Using the same procedure described in Example 9, 2 parts of methacrylic acid, 19 parts of hydroxypropyl acrylate, 41 parts of butyl acrylate and 38 parts of styrene were reacted with 15 parts of mercaptoethanol. The resulting product had a Gardner-Holdt viscosity of Z3 -Z4 at 25°C.
Three mil films were prepared on Bonderite No. 37 steel panels from a blend of 32 parts of the copolymer, 18 parts of hexa(methoxymethyl)melamine and 0.25 part of a 20% solution of para toluene sulfonic acid in ethanol. After baking at 121°C. for 30 minutes, the cured films had a pencil hardness of F-H and a flexibility of 160 inch-pounds.
A suitable reactor was equipped as described in Example 2. Into one of the dropping funnels were added 2233 parts of ethyl acrylate and 952parts of hydroxyethyl acrylate. Into the other dropping funnel were added 315 parts of 3-mercaptopropionic acid. 400 parts by volume (mls.) of the monomer mixture were introduced into the flask, heating and agitation were begun and an air flow of 43 cc/min. was started. When the temperature reached 93°C., addition of the 3-mercaptopropionic acid was begun. After 20 minutes about 35 parts of the 3-mercaptopropionic acid had been added. Dual feed of monomers and mercaptan was then begun while holding the temperature at 102°-114°C. All of the monomers and all but about 20 parts of the mercaptan were added over a period of 5 hours. The addition of mercaptan was stopped and heating was continued for about 1 hour. The mercaptan was then added over a 55 minute period. Thirty minutes later, the air flow was stopped. Heating was continued for 3 hours and 35 minutes with a temperature at 116°C. A downward condenser was attached and full aspirator vacuum was applied to distill unreacted monomer for a period of one hour and 14 minutes. The resulting product had an acid value of 46.5 and was a viscous but pourable liquid.
A solution was made from 24 parts of the copolymer, 6 parts of hexa(methoxymethyl)melamine, 1.46 parts of diethyl amine and 12.9 parts of water. The solution (70% solids) had a Gardner-Holdt viscosity of U-V at 25°C. A 3 mil film was drawn down on a steel panel and was baked at 177°C. for 30 minutes. The resulting film had excellent gloss, excellent mar resistance and a pencil hardness of HB-F.
Using the same procedure as described in Example 2, l a copolymer was made from 152.5 parts of styrene, 152.5 parts of n-butyl acrylate, 150 parts of 2-hydroxypropyl methacrylate and 45 parts of 2-mercaptoethanol. 25 parts of the copolymer were blended with 12.5 parts of a triol polyester made by controlled polymerization of caprolactone and having an average molecular weight of 540, and 12.5 parts of hexa(methoxymethyl)melamine. The resulting blend was a clear solution having a Gardner-Holdt viscosity of Z3 -Z4 at 25°C. Two mil films were drawn down on steel panels and were baked at 177°C. for 30 minutes. The films were well cured and exhibited excellent mar resistance, fair toughness and a pencil hardness of F-H. Comparable hardness were obtained when the polyester in the blend was replaced with a triol polyether made by reacting trimethylolpropane with propylene oxide to an average molecular weight of 740.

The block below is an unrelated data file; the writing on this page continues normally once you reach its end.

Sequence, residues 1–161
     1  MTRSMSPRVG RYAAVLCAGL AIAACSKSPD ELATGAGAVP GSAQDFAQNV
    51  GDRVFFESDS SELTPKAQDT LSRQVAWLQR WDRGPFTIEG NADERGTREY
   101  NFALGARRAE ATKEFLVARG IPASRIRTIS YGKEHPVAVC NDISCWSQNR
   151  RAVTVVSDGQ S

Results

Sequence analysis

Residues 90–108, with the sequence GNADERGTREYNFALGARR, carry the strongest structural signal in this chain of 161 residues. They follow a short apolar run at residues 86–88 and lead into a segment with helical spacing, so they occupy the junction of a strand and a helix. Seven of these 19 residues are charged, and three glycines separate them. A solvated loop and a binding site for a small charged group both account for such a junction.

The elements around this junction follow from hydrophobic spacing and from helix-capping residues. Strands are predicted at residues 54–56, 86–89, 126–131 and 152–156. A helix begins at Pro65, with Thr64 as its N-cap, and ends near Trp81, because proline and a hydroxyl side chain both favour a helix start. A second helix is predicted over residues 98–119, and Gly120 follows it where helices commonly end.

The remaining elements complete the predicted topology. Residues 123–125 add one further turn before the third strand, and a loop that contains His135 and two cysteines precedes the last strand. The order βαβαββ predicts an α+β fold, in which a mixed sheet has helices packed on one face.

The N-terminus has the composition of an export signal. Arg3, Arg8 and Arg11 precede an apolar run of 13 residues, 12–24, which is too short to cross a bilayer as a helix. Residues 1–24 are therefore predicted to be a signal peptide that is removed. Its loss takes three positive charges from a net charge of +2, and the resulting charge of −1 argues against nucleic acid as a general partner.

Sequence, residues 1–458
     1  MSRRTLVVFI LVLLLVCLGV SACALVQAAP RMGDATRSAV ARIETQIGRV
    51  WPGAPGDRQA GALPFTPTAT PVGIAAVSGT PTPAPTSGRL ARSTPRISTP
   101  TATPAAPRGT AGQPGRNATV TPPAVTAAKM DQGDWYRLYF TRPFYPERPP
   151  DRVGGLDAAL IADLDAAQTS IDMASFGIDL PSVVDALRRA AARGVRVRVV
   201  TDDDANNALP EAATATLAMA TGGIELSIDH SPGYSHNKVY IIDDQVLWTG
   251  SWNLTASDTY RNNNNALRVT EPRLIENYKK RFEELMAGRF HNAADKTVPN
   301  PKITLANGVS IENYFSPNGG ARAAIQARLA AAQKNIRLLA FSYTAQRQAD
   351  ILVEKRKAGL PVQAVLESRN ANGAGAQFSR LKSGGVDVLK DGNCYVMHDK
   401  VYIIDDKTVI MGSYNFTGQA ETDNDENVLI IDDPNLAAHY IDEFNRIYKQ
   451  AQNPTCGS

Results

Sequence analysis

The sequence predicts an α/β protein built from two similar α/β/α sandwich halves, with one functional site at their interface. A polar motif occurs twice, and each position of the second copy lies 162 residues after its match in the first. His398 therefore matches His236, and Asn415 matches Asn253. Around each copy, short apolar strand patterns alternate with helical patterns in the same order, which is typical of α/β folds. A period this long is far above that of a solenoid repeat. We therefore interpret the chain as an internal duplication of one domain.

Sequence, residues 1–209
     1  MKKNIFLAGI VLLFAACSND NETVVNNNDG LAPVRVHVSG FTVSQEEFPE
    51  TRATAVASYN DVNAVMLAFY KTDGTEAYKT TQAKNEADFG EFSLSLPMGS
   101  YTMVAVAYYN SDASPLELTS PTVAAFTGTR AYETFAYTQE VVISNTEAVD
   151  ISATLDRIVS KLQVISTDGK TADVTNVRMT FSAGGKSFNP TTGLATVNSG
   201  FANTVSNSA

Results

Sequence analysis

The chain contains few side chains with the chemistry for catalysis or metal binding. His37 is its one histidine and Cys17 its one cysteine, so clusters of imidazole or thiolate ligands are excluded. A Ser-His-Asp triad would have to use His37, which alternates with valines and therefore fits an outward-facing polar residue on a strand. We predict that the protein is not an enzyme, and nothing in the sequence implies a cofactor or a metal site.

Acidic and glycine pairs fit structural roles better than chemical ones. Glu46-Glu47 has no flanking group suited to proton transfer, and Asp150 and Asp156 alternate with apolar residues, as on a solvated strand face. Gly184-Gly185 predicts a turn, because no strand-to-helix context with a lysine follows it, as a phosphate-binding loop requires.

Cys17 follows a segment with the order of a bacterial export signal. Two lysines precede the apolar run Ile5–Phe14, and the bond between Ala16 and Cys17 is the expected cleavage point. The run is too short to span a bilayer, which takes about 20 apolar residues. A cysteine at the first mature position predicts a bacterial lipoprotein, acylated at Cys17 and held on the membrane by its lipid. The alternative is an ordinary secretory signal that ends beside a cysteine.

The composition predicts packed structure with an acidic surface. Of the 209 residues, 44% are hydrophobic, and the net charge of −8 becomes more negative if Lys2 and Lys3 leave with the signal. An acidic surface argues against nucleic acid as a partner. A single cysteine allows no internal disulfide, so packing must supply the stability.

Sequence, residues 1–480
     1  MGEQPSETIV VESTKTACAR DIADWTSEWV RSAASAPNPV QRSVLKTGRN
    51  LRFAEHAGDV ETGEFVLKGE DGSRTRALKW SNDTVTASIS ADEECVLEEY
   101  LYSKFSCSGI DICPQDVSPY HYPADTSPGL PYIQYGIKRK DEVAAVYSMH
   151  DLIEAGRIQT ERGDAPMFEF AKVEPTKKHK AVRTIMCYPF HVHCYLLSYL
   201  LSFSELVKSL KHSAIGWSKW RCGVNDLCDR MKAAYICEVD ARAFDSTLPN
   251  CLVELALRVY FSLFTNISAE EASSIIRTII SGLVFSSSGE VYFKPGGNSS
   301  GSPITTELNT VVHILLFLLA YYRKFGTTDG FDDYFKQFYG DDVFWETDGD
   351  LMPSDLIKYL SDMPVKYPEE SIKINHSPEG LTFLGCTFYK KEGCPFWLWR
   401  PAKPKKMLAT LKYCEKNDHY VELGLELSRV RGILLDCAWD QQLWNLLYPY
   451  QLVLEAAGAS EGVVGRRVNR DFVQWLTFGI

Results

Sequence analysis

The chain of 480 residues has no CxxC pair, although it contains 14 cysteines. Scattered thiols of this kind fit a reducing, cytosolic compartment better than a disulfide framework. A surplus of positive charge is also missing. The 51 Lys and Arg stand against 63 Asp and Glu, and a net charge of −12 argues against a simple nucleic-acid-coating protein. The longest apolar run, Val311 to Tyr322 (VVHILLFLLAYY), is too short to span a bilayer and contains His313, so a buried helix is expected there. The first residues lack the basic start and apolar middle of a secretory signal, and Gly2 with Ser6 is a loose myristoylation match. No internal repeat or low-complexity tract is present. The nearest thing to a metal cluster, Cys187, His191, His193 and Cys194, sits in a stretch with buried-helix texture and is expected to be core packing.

It is understood that the foregoing detailed description is given merely by way of illustration and that many variations can be made therein without departing from the spirit of this invention.
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|U.S. Classification||526/85, 525/119, 428/461, 526/328.5, 526/210, 526/318.4, 525/110, 526/329.2, 528/376, 428/463, 526/214, 526/235, 526/209, 526/224, 525/162, 526/211, 525/123, 526/346, 526/320, 522/49, 525/118, 526/318.42|
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|Aug 8, 1986||AS||Assignment|
Owner name: INTEREZ, INC.
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|Jun 29, 1987||AS||Assignment|
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|Jun 1, 1992||AS||Assignment|
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Free format text: MERGER;ASSIGNOR:INTEREZ, INC. (MERGED INTO);REEL/FRAME:006136/0781